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Notes for Lecture #14

Wednesday, February 4, 2004

Dr. Ian C. Bruce

Room: CRL-229

Phone ext.: 26984

Email: ibruce@mail.ece.mcmaster.ca

Goodwin, Graebe, Salgado, Prentice Hall 2000

Chapter 6

Because of their widespread use in practice, we

present below several methods for tuning PID

controllers. Actually these methods are quite old and

date back to the 1950s. Nonetheless, they remain in

widespread use today.

In particular, we will study.

Ziegler-Nichols Oscillation Method

Ziegler-Nichols Reaction Curve Method

Cohen-Coon Reaction Curve Method

Goodwin, Graebe, Salgado, Prentice Hall 2000

Chapter 6

Method

plants and it is carried out through the following

steps

Set the true plant under proportional control, with a

very small gain.

Increase the gain until the loop starts oscillating. Note

that linear oscillation is required and that it should be

detected at the controller output.

Goodwin, Graebe, Salgado, Prentice Hall 2000

Chapter 6

oscillation period of the controller output, Pc.

Adjust the controller parameters according to Table

6.1 (next slide); there is some controversy regarding

the PID parameterization for which the Z-N method

was developed, but the version described here is, to the

best knowledge of the authors, applicable to the

parameterization of standard form PID.

Goodwin, Graebe, Salgado, Prentice Hall 2000

Chapter 6

oscillation method

Kp Tr Td

P 0.50Kc

Pc

PI 0.45Kc

1.2

Pc

PID 0.60Kc 0.5Pc

8

Goodwin, Graebe, Salgado, Prentice Hall 2000

Chapter 6

General System

If we consider a general plant of the form:

K0e s

G0(s) = ; 0 > 0

0s + 1

then one can obtain the PID settings via Ziegler-

Nichols tuning for different values of and 0. The

next plot shows the resultant closed loop step

responses as a function of the ratio x = .

0

Goodwin, Graebe, Salgado, Prentice Hall 2000

Chapter 6

loop for different values of the ratio x = 00 .

x=0.1

1.5

Plant response

x=0.5

1

0.5 x=2.0

0

0 1 2 3 4 5 6 7 8 9 10

Time [t/]

Goodwin, Graebe, Salgado, Prentice Hall 2000

Chapter 6

Numerical Example

Consider a plant with a model given by

1

Go (s) =

(s + 1)3

Z-N oscillation method. Obtain a graph of the

response to a unit step input reference and to a unit

step input disturbance.

Goodwin, Graebe, Salgado, Prentice Hall 2000

Chapter 6

Solution

Applying the procedure we find:

Kc = 8 and c = 3.

Kp = 0.6 Kc = 4.8; Tr = 0.5 Pc 1.81; Td = 0.125 Pc 0.45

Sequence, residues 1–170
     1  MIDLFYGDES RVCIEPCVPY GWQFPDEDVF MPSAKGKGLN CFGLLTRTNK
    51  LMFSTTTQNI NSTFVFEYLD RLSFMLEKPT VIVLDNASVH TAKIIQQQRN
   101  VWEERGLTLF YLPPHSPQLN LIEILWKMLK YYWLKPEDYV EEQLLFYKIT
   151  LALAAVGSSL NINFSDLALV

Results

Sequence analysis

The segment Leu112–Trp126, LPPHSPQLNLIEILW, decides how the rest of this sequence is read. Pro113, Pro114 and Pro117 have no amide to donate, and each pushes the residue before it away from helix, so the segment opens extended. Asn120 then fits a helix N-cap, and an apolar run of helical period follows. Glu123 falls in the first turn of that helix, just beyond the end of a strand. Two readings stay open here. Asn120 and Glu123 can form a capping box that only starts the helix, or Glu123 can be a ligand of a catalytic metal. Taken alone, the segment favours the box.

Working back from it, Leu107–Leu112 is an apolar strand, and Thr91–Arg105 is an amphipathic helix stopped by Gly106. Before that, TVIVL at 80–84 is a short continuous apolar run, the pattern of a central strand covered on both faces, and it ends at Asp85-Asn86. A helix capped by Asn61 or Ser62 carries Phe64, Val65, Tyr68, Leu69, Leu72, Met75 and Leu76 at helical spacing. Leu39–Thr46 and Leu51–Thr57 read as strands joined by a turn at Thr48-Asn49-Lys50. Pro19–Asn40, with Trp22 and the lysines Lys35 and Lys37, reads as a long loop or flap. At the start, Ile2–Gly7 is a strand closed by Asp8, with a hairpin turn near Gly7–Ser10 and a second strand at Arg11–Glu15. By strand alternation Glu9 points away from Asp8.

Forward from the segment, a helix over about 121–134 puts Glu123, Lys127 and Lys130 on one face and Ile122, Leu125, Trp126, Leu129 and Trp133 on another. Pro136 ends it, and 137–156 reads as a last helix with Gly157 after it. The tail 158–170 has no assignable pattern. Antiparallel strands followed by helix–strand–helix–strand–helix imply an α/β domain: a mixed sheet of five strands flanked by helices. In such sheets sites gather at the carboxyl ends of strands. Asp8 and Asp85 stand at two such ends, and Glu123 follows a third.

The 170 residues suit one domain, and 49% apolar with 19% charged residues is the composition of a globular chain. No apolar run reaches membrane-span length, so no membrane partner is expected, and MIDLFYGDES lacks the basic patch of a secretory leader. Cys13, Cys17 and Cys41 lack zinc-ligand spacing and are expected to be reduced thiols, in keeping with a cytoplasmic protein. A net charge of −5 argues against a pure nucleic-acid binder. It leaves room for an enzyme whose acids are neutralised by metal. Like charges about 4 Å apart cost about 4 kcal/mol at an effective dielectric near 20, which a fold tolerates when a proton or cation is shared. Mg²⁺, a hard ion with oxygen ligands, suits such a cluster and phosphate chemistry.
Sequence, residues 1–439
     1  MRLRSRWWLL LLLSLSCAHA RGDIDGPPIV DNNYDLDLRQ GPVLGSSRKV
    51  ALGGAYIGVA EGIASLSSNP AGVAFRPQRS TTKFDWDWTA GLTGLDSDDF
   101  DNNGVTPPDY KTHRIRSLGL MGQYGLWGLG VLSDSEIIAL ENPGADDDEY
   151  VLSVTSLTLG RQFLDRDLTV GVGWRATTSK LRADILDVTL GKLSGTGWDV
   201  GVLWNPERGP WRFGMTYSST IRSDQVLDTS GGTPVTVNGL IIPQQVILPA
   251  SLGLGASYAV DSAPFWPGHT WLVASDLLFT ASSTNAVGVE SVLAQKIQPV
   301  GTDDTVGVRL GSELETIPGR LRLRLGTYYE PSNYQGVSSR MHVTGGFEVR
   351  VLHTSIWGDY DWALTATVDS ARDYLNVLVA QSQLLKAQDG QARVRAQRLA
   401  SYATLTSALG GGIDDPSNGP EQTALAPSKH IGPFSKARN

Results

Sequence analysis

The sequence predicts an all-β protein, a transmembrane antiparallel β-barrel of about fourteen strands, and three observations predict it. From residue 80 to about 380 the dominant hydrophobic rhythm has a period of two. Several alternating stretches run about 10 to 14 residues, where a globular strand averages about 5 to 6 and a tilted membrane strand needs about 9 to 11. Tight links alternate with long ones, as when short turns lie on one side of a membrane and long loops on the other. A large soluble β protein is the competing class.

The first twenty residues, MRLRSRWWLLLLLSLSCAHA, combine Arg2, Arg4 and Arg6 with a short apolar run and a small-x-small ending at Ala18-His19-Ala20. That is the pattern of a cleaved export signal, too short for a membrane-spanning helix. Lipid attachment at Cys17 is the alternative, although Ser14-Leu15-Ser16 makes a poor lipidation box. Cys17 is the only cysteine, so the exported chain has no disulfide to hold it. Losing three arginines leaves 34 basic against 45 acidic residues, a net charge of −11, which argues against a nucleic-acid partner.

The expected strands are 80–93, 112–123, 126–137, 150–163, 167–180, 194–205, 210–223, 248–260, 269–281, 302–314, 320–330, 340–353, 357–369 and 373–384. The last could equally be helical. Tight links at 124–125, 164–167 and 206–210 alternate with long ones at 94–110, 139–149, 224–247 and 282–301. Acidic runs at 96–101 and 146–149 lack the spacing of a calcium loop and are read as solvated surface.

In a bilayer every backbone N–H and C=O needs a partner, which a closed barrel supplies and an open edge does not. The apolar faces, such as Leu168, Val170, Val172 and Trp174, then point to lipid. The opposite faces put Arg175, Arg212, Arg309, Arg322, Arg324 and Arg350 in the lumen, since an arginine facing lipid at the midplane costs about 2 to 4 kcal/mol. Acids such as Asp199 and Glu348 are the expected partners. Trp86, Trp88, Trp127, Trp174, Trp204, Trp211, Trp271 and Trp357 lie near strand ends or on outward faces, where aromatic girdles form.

reference at t = 0 and a unit step disturbance at t = 10

are shown in the next figure.

Goodwin, Graebe, Salgado, Prentice Hall 2000

Chapter 6

input disturbance

1.5

1

Plant output

0.5

0

0 2 4 6 8 10 12 14 16 18 20

Time [s]

Goodwin, Graebe, Salgado, Prentice Hall 2000

Chapter 6

A key issue when applying PID tuning rules (such as

Ziegler-Nichols settings) is that of which PID

structure these settings are applied to.

To obtain an appreciation of these differences we

evaluate the PID control loop for the same plant in

Example 6.1, but with the Z-N settings applied to the

series structure, i.e. in the notation used in (6.2.5),

we have

Goodwin, Graebe, Salgado, Prentice Hall 2000

Chapter 6

structure (thick line) and conventional

structure (thin line)

2

1.5

Plant output

0.5

0

0 2 4 6 8 10 12 14 16 18 20

Time [s]

Goodwin, Graebe, Salgado, Prentice Hall 2000

Chapter 6

Observation

In the above example, it has not made much

difference, to which form of PID the tuning rules are

applied. However, the reader is warned that this can

make a difference in general.

Goodwin, Graebe, Salgado, Prentice Hall 2000

Chapter 6

A linearized quantitative version of a simple plant

can be obtained with an open loop experiment, using

the following procedure:

1. With the plant in open loop, take the plant manually to a

normal operating point. Say that the plant output settles at

y(t) = y0 for a constant plant input u(t) = u0.

2. At an initial time, t0, apply a step change to the plant

input, from u0 to u (this should be in the range of 10 to

20% of full scale).

Cont/...

Goodwin, Graebe, Salgado, Prentice Hall 2000

Chapter 6

point. Assume you obtain the curve shown on the next

slide. This curve is known as the process reaction curve.

In Figure 6.6, m.s.t. stands for maximum slope tangent.

4. Compute the parameter model as follows

y yo

Ko = ; o = t1 to ; o = t2 t1

u uo

Goodwin, Graebe, Salgado, Prentice Hall 2000

Chapter 6

m.s.t.

yo

to t1 t2 Time (sec.)

Goodwin, Graebe, Salgado, Prentice Hall 2000

Chapter 6

curve

Kp Tr Td

o

P

Ko o

0.9o

PI 3o

Ko o

1.2o

PID 2o 0.5o

Ko o

Goodwin, Graebe, Salgado, Prentice Hall 2000

Chapter 6

Consider again the general plant:

K0e s

G0( s) =

0s + 1

The next slide shows the closed loop responses

resulting from Ziegler-Nichols Reaction Curve

tuning for different values of x = .

0

Goodwin, Graebe, Salgado, Prentice Hall 2000

Chapter 6

control loop

2

x=0.1

1.5

Plant response

x=0.5

x=2.0

0.5

0

0 5 10 15

Time [t/]

Goodwin, Graebe, Salgado, Prentice Hall 2000

Chapter 6

Observation

We see from the previous slide that the Ziegler-

Nichols reaction curve tuning method is very

sensitive to the ratio of delay to time constant.

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